Sources of Homeopathic Drugs

The sources of homeopathic drugs are :

  1. Vegetable kingdom

  2. Animal Kingdom

  3. Mineral Kingdom

  4. The Sarcodes

  5. The Nosodes

  6. Imponderabilia

Following are the two sub-sources :

  1. The opnitoxin, the specific source of venoms; first suggested by Dr. Farrington.

  2. The lacs – milk and milk products of several animals.
    The human milk is also employed as a drug in homeopathy.

N.B : With the development of all branches of science including medicine, many new drugs have been introduced in the pharmacology of the other school of medicine – like Adrenaline, Testosterone, Penicillin, Streptomycin, Hydrocortisone. They have been put into the field of homeopathy by clinical experiences and some proving. Attempts to have a thorough drug proving by these substances are being made by individual persons and different organizations. They can all be put in the different categories of homeopathic drug sources.



Imponderabilia means which is not weighable, i.e. the substances which have no perceptible weights, they are immaterial power or energy; may be natural or artificial.

Medicines prepared from energy, available from natural and physical reactions are called imponderabilia.

Hahnemann observes in his Organon, aphorism 280, Footnote that, “even imponderable agencies can produce most violent effects upon man.” Dr. H. W. Allen describes their mode of preparations and symptoms in his ‘Materia Medica of Nosodes‘. Elizabeth Wright mentions six such sources of drugs in his book ‘A Brief Study Course in Homeopathy‘. Dr. Caspari, Jhar, Clarke, Swan and John Butler etc have described their symptoms.

Examples are:

  1. Luna [ Full Moon ], Magnetis Poli Ambo [ Magnet ], Magnetis. Polus Australia [ South-pole of magnet ], Radium, Sol [ Sun’s ray ].
  2. Artificial – Magnetis Artificialis; X-Ray; Electricitus.

Abies canadensis

Family Pinaceae

Picea glauca (Moench) Voss
Picea: Classical Latin name for “pine”
glauca: Greek meaning “grayish or bluish-green”

Syn.—Hemlock; Spruce.
P. E.—Resin.
N. O.—Coniferae.
N. H.—Northern part of the United States.

Plant :
perennial, 50′-60′ tall, evergreen tree; stems hairless, branchlets not drooping

Fruit :
1-2″ long cones, dropping when ripe

Leaf :
3/8-3/4″ blue-green needles

Habitat :
dry to dry-medium; uplands

Properties: Astringent, stimulant.

Use: The oil of hemlock is very extensively used in liniments. The oleoresin commonly known as Canada pitch is used in plasters very extensively. The tincture is valuable in obstinate cases of leucorrhea; 1 part of specific pinus canadensis to 3 parts of castor oil applied locally to walls of vagina and cervix of uterus every other day is of great value. A little echinacea and tiger lily may be added. Of value locally as an astringent in sore throat.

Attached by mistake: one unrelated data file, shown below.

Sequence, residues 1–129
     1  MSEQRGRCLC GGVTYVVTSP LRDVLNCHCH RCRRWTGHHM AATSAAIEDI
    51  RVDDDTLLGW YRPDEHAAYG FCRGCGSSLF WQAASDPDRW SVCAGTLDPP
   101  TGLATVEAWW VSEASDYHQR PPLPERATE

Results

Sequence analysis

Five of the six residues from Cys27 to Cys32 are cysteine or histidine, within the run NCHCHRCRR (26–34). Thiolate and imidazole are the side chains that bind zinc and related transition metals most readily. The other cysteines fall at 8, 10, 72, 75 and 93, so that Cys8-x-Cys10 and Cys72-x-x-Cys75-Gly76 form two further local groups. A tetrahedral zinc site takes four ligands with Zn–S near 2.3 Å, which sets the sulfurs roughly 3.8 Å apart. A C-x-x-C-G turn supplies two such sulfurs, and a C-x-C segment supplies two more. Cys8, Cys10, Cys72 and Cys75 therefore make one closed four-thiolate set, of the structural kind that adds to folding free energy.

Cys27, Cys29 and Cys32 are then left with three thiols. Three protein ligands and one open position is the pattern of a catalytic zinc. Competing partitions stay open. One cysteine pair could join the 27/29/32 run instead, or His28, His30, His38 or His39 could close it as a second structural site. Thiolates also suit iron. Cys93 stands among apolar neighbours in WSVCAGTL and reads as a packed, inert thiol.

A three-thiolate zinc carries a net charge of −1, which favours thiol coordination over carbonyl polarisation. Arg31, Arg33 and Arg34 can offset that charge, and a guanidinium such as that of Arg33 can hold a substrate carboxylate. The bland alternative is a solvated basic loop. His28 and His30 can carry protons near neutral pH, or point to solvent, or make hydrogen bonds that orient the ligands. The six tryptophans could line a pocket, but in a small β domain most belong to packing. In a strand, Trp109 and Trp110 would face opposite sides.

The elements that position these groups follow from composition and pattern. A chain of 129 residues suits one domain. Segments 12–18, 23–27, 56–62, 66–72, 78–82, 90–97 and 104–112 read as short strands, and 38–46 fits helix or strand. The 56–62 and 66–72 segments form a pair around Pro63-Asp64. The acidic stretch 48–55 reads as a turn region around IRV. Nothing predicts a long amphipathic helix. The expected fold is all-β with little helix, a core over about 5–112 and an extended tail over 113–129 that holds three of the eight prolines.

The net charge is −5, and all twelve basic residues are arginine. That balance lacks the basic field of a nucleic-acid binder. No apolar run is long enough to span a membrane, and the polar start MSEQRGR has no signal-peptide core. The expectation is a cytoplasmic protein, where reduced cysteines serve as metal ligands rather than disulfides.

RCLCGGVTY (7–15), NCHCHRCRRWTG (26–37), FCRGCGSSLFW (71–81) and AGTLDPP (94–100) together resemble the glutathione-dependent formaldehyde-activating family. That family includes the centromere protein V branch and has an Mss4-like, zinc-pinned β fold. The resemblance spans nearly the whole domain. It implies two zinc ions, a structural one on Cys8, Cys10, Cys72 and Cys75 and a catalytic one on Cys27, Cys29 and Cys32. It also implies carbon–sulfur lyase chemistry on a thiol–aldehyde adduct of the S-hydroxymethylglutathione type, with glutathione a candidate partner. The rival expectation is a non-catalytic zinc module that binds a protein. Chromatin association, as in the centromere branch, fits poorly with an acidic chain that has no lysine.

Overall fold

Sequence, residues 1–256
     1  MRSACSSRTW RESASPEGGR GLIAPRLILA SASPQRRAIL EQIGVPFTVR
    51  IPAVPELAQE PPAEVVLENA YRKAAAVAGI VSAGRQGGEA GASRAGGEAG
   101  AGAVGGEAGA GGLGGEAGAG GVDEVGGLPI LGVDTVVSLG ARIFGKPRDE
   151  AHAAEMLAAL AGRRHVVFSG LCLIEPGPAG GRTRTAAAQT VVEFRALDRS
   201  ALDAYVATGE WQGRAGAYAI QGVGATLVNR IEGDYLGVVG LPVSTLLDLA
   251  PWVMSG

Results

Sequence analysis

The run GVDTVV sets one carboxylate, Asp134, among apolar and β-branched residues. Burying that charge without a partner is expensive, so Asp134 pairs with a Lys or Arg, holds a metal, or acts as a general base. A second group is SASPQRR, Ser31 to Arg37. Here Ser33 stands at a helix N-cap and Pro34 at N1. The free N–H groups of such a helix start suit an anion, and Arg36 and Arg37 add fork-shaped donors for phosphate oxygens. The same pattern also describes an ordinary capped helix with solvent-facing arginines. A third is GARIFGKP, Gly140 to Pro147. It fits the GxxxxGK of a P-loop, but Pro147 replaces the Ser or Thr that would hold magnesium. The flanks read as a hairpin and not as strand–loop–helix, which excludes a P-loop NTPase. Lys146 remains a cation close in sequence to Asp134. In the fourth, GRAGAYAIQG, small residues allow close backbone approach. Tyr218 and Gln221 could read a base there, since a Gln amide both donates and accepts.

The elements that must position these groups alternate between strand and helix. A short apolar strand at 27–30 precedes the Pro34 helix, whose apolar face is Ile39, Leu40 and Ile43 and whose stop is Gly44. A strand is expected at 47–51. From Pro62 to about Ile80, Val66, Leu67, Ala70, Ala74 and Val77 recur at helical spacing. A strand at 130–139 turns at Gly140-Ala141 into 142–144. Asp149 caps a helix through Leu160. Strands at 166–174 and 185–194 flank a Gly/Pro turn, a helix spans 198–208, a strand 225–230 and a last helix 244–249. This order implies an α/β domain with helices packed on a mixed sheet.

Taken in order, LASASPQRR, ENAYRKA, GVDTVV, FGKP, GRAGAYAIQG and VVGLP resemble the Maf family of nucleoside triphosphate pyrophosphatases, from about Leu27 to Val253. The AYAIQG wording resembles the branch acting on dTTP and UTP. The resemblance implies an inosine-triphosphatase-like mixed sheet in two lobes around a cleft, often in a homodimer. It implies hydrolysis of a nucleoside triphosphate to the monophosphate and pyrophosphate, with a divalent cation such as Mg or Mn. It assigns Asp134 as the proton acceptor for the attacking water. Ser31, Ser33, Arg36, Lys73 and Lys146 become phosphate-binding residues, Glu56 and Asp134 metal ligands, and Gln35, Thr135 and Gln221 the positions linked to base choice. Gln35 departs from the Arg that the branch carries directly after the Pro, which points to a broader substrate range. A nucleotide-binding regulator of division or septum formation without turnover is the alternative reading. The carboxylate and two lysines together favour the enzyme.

Botanical: Tsuga Canadensis (CARR.)
Family: N.O. Pinaceae

Hemlock Pitch. Canada Pitch. Pix Canadensis. Hemlock Bark. Pinus Canadensis. Abies Canadensis. Hemlock Gum. Hemlock Spruce.

—Part Used—
The bark encrusted with hardened juice.

North America.

The flow of juice from incisions in the bark is much less than in most of the species, but at the time of late maturity a spontaneous exudation partly evaporates, hardening on the bark, which is stripped, broken in pieces, and boiled in water. The melted pitch is skimmed off and boiled for a second time. The product is of a dark reddish-brown colour, brittle, hard, opaque, almost tasteless, and with a very slight odour. It melts and softens at a low temperature.

An extract of the bark is used in tanning.

Besides resin, there is found a volatile oil, oil of spruce or oil of hemlock, and tannin.

—Medicinal Action and Uses—
Canada Pitch is softer than Burgundy Pitch, so that even the temperature of the body makes it inconvenient to handle. It is a mild rubefacient. The liquid extract has been used as an astringent. It resembles rhatany in its action.

The volatile oil is used in veterinary liniments, and to procure abortion, but it is very dangerous for this purpose.

Hemlock or Canada Pitch Plaster can be made by melting together go parts of Canada Pitch to 10 parts of Yellow Wax, straining and stirring until it cools and thickens.

Fluid extract, 1/4 to 1 drachm.

—Other Species—
Pseudotsuga tascifolia, the branches ofwhich give out an emanation which, after being inhaled for some hours, is reported to have caused stupor, involuntary evacuation of urine, and collapse followed by psychic disturbance.

Nux Vomica

The Strychnine tree (Strychnos nux-vomica) also known as Nux vomica, is an evergreen tree native to southeast Asia, a member of family Loganiaceae. It grows in open habitats, usually attaining a size about 25 meters tall.

It is a major source of the highly poisonous alkaloid strychnine, derived from the seeds inside the tree’s round, green to orange fruit. However, the tree’s bark also contains poisonous compounds, including brucine.

In homeopathy, Nux-v. — as it is commonly abbreviated — is one of the most commonly prescribed remedies.


Arnica usually refers to Arnica montana, a mountain plant used for relief of bruises, stiffness, and muscle soreness in herbal medicine. Arnica is widely used as a salve for bruises and sprains, and sometimes as a tincture, for the same anti-inflammatory, pain-relieving purposes. It is available in natural/health food stores, most commonly in gel form, to be applied to the affected area approximately three times daily.